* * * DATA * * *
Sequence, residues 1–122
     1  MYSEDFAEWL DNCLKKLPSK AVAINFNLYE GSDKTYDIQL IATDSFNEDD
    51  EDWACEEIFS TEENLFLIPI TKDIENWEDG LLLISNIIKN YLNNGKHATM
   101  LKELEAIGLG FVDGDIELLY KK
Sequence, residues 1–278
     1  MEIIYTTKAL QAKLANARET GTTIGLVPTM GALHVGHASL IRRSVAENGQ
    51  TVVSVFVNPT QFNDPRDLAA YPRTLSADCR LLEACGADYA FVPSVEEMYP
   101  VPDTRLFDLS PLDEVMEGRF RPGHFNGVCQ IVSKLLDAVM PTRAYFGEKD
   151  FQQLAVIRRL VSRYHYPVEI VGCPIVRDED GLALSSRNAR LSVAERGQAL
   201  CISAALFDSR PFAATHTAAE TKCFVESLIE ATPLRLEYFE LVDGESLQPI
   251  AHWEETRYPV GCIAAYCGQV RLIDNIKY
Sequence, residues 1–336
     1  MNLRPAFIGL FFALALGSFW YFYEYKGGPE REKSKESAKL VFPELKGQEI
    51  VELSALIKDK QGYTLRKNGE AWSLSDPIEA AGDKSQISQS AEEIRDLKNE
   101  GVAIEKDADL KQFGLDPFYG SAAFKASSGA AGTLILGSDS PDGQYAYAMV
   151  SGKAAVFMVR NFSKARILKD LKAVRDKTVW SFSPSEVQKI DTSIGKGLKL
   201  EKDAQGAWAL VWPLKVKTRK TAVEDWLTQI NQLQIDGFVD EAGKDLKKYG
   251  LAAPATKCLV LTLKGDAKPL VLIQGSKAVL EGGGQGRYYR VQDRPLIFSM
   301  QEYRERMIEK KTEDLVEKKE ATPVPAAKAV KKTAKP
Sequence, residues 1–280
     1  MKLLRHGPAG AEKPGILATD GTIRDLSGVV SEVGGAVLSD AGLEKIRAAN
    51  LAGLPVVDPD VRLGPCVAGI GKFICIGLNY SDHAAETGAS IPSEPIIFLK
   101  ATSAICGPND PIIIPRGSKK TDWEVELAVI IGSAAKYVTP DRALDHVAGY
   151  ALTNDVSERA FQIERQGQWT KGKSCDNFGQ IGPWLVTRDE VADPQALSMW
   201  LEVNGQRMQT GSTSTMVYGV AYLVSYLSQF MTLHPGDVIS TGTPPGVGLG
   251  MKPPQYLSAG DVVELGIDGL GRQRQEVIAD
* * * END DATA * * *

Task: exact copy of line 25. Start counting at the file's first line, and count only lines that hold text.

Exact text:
   201  LEVNGQRMQT GSTSTMVYGV AYLVSYLSQF MTLHPGDVIS TGTPPGVGLG